Why I voted for Morris on my Hall of Fame ballot

Jack Morris is perhaps best known for his 10-inning shutout in Game 7 of the 1991 World Series.

This is a unique period of intrigue and tumult for baseball’s Hall of Fame voters. The challenge from a year ago with the first real historical accounting for steroid era giants Barry Bonds, Roger Clemens and Sammy Sosa, remained true this time but only to be compounded by the volume of new worthy candidates added to the mix.

Eligible members of the Baseball Writers’ Association of America are allowed to vote for a maximum of 10 players, and a reasonable to persuasive argument can be made for 20 of the 36 names up for election. First-timers such as Greg Maddux, Tom Glavine and Frank Thomas are essentially impossible to argue against while fellow newcomers such as Jeff Kent and Mike Mussina also have strong cases.

For voters who wanted to include all five but already had more six or more names on their previous ballot, that meant someone had to get bumped. Such a scenario could stunt the momentum of some candidates, or hasten an exit from the ballot for others should they fall under the five per cent threshold needed to maintain their place.

For me, in my second year of voting, this dilemma meant pushing aside some of the previous candidates I want to reconsider (Alan Trammell, Fred McGriff, Curt Schilling) and one of the new ones I want to look at (Mike Mussina) to deliver a vote with the 10 names I felt most strongly about. They are: Craig Biggio, Barry Bonds, Roger Clemens, Tom Glavine, Jeff Kent, Greg Maddux, Jack Morris, Tim Raines, Frank Thomas and Larry Walker.

That list includes the five players I voted for in 2013 (Biggio, Bonds, Clemens, Raines and Walker), four debutants (Glavine, Kent, Maddux and Thomas) and one previous candidate I changed my mind about (Morris).

I explained the rationale in voting for Bonds and Clemens but no one else tied to steroids in an article for Sportsnet Magazine last year, so I don’t want to rehash that here. Also in that piece is my reasoning in voting for Biggio, who along with Kent stands alongside Alomar as the dominant second basemen of their era; Raines, who is judged unfairly for not being quite as good as Rickey Henderson, and Walker, who dominated for nearly a decade and contributed greatly to baseball’s growth in Canada.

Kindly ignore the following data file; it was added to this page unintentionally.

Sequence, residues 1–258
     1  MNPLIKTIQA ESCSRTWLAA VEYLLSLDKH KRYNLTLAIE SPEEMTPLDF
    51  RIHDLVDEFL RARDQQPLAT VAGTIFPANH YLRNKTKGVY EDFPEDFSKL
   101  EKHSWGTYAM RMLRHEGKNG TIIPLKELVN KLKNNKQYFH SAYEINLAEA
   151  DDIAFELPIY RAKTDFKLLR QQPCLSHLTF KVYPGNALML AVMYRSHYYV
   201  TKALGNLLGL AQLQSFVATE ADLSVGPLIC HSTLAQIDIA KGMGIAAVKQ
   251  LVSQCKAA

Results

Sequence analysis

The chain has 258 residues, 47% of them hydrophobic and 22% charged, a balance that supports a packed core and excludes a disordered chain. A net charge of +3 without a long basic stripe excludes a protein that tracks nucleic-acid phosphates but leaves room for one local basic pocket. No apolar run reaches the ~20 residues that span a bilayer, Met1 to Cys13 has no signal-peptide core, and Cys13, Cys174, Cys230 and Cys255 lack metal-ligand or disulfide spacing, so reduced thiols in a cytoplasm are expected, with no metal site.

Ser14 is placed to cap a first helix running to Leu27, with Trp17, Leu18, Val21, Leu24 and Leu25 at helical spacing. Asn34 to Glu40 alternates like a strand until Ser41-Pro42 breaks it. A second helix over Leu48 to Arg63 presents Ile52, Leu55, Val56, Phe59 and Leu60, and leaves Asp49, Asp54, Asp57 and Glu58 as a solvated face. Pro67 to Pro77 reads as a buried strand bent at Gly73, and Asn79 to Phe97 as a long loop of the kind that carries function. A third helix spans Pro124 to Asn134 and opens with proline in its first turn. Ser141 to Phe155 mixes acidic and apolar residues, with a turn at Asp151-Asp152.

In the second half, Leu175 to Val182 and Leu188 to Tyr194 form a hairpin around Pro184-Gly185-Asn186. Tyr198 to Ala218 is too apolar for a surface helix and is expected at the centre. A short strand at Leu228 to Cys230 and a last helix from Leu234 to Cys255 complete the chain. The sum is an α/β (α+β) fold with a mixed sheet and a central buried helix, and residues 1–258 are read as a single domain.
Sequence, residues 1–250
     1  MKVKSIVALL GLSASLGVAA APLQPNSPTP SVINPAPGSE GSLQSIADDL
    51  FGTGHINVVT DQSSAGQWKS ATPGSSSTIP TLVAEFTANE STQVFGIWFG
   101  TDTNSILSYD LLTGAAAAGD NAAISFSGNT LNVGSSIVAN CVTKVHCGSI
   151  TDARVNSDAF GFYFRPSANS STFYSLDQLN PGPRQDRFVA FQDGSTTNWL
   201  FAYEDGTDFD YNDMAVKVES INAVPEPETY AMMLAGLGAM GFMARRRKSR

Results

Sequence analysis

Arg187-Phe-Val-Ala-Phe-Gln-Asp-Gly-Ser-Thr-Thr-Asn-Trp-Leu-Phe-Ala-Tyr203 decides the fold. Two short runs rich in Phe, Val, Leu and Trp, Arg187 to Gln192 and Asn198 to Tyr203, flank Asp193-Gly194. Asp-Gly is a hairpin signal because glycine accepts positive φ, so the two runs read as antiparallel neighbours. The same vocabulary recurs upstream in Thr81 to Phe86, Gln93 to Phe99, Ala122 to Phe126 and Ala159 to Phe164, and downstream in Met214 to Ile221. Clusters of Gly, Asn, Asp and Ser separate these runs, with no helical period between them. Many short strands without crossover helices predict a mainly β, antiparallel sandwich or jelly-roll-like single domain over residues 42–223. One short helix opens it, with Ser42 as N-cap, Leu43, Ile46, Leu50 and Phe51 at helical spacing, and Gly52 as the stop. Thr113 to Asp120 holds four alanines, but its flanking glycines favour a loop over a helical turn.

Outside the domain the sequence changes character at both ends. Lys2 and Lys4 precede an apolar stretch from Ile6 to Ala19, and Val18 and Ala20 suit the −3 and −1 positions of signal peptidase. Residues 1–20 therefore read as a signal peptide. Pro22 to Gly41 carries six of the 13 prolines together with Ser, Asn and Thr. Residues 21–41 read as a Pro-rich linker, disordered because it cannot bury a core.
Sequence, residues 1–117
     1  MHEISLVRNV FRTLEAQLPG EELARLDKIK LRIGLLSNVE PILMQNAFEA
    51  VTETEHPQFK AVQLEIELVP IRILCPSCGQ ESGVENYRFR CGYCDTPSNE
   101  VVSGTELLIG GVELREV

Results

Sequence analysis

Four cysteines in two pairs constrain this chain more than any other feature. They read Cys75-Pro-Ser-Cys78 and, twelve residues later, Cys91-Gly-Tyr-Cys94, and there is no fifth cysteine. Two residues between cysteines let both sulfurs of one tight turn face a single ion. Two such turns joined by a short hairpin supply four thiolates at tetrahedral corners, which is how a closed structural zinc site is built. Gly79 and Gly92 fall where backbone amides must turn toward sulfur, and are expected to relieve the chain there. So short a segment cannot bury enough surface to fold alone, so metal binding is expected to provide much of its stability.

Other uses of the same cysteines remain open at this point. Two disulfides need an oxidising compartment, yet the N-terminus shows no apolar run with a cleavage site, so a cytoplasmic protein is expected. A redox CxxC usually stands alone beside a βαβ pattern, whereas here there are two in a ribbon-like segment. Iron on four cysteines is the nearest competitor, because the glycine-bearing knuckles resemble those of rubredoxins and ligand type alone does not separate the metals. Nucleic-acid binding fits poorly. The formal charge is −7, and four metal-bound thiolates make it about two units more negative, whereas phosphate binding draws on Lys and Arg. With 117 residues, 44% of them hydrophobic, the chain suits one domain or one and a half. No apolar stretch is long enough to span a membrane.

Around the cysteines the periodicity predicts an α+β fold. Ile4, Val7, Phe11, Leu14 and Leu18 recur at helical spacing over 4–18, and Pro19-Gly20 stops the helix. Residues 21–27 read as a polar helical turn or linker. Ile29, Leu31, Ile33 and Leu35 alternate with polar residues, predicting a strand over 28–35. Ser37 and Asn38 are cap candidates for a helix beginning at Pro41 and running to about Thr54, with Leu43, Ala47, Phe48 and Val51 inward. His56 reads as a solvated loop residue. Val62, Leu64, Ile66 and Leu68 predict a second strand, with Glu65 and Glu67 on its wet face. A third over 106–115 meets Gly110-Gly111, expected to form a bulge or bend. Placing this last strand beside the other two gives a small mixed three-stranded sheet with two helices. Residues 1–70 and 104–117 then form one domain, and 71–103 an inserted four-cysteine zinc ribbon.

Votes for Maddux, Glavine and Thomas need no rationalization, leaving my addition of Morris – a lightning rod candidate in his final year of eligibility – in need of some explanation.

I strongly considered Morris on my 2013 ballot but decided to leave him off for several reasons, one of them being that his 3.90 ERA would be the highest for a pitcher in the Hall, surpassing Red Ruffing’s 3.80. It was a decision I was uneasy with because I admired Morris’s durability, and the fact that he finished 175 of the 527 starts he made is remarkable, particularly given the era he pitched in.

Consider that there were 124 complete games in big-leagues in 2013, a total that is 51 fewer than Morris had in his entire career. The Tampa Bay Rays led the way with nine last season, and in only five of his 18 seasons did Morris have fewer than nine complete games, two of them at the start of his career before he was fully established, two at the end when he struggled through arm troubles.

Three points made by Sports Illustrated’s Tom Verducci further illustrated just how rare Morris’s durability was:

– Among starters who debuted between 1971-83, he won and completed the most games.

– He pitched eight or more innings in AL games 248 times, more than any other pitcher since the designated hitter’s introduction.

– Between 1979-92, he pitched eight or more innings in 52 per cent of his 464 starts.

Worth noting is that Morris wasn’t stuck in the back of the rotation – he was logging ace duties while carrying that load.

Telling too is that he started Game 1 in six of the seven post-season series he appeared in, the only exception coming in 1987, when he had to sit until Game 2 of the ALCS because the Tigers needed him to pitch the previous weekend to hold off the Blue Jays. When the stakes were highest, three different managers (he pitched in the playoffs for Detroit, Minnesota and Toronto) trusted him to set the tone.

All those reasons – plus the increasing value I place on players who can stay on the field – led me to change my mind and reconsider Morris, as opposed to someone else on the bubble.

Ballot-management for Hall voters will be a fact of life in the years to come, as new additions in the years ahead include: Randy Johnson, Pedro Martinez, John Smoltz, Carlos Delgado and Gary Sheffield in 2015; Ken Griffey Jr. and Jim Edmonds in 2016; Vladimir Guerrero, Manny Ramirez and Jorge Posada in 2017.

In other words, voting for the Hall of Fame won’t be getting easier any time soon and candidates stuck in the middle may find it difficult escaping the grey zone.

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